This week 10, 20, 30 years ago

10 Years Ago

Hundreds of people turned out to a series of Remembrance Day services and parades across South London to honour the soldiers who lost their lives in active duty.

Veterans and people of all generations joined forces to lay wreaths at the foot of war memorials and follow sombre parades in memory of all those affected by conflict.

Southwark Mayor Councillor Abdul Mohamed led a wreath-laying service at the memorial in West Lane, Rotherhithe, following an official Armistice service.

Bookworms who mourned the loss of several independent book shops in their area are a stop closer to opening their own.

Northcote Books Ltd in Battersea was officially registered as a “society for the benefit of the company” and was backed by a group of 400 people, including many former customers of a bookshop that closed in Northcote Road earlier this year.

The idea was to open a shop within Northcote Library, funded by selling “community shares” and operating as a non-for-profit.

Calls were made to ban HGVs from the capital’s roads at peak times.

The appeal came after the fifth cyclist was killed on London’s roads in nine days – the 13th this year.

According to data from the GLA, between 2008 and 2012, HGVs were involved in 53 per cent of London cyclist deaths despite making up only four per cent of the traffic.

Cyclist and independent Southwark councillor Stephen Govier agreed a ban was necessary.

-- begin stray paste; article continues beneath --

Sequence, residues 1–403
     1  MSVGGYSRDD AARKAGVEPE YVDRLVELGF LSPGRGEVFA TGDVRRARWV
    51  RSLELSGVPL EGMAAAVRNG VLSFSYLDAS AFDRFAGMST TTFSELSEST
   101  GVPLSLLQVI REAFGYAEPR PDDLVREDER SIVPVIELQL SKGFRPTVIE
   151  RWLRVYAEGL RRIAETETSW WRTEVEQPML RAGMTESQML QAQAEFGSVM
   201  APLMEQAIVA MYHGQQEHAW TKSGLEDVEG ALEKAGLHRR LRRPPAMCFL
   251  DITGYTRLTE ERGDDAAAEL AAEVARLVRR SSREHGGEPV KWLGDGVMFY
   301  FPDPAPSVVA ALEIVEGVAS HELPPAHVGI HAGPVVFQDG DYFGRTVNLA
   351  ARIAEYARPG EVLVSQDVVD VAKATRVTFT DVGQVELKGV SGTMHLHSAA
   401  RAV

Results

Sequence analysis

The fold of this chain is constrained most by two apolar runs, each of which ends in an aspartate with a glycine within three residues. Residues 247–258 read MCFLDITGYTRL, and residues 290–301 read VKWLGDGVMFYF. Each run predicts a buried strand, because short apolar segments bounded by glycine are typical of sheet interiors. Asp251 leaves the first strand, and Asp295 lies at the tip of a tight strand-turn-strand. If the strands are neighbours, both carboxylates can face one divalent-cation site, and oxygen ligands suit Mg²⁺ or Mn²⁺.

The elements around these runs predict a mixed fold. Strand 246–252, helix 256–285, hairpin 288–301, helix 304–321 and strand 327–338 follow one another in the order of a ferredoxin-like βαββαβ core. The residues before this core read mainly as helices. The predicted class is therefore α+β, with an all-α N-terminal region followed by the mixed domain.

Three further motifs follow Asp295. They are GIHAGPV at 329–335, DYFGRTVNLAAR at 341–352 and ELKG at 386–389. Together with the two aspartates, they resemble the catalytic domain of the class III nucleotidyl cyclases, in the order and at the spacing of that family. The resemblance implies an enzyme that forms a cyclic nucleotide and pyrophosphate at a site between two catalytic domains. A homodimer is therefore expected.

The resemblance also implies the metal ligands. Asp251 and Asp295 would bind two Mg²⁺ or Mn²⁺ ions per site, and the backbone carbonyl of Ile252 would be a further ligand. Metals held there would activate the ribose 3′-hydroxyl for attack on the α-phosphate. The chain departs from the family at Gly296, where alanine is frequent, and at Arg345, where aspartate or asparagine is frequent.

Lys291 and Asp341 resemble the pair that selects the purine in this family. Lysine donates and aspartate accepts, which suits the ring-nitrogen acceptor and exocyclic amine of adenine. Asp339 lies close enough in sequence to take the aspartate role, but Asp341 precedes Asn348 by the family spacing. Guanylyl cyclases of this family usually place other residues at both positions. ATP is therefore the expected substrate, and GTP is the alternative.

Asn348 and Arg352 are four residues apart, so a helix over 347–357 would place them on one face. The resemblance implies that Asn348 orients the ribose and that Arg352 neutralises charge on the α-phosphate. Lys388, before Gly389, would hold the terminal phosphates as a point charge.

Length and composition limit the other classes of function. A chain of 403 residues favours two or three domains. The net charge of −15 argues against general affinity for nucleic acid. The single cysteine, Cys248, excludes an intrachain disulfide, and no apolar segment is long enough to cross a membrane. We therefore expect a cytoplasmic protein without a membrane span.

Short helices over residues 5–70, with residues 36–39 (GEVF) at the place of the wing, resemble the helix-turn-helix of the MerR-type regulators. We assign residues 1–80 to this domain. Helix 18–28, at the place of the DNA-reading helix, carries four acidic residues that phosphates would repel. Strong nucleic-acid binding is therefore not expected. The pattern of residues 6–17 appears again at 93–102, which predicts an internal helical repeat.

20 Years Ago

A school choir sang backing vocals on a hit single as part of a rock band’s bid for the Christmas No 1.

Students from Haberdashers’ Aske’s Hatcham College topped the charts in 1994 when they backed pop band East 17 on their Christmas No1, Stay Another Day.

In 2003, students had the chance to sing on The Darkness’s Christmas Time: Don’t Let The Bells End as a parent of one of the youngsters worked at Abbey Road studios in west London, where the band was recording.

Protesters burned an effigy of USA President George Bush in Brixton during a state visit to the capital.

The demonstration was staged in Brixton by the Stop the War Coalition who opposed the President’s ‘war on terror’ policy in the Middle East. Campaigners also gathered in Clapham Junction in a separate protest.

The President’s visit to London sparked a row over who should pick up the tab for the heightened security, which was thought to run into millions, with London Mayor Ken Livingstone leading the calls for the Government to pay.

Developers were given the green light to build London’s tallest building.

Permission for the London Bridge Tower was granted by Deputy Prime Minister John Prescott after Southwark council backed the project a year earlier.

The project was known as the Shard of Glass and eventually op

30 Years Ago

A row erupted between the owners of a go-karting track and a developer that wanted to build homes on a plot of land next to where races had been staged for 11 years.

The Lambeth council funded Oasis Karting Project in Stockwell hoped to be given permission to keep running and its owners had applied for charity status in a bid to shore up its future.

But Priory Park Properties claimed the track would be too noisy and dirty for new homeowners living on its development in Priory Grove.

An army regiment launched a major recruitment drive across South London.

The Princess of Wales Royal regiment, which in 1993 was based in Northern Ireland, was looking to swell its ranks The unit, which was known as the Tigers hoped, to enlist 200 soldiers and seven new officers.

All of the new officers would be trained at Sandhurst before taking up their posts.

Residents were celebrating after it was announced that their homes were in line for a £1million makeover.

The drains, gas pipes, electric wiring were all set to be surveyed in homes on the Evelyn and Sayes Estates in Deptford, using high-tech equipment.

It was the first work planned as part of a £24million Estates Action Project.

The work on the two estates was set to last three months.


Picture: Pixabay /Totskie_69



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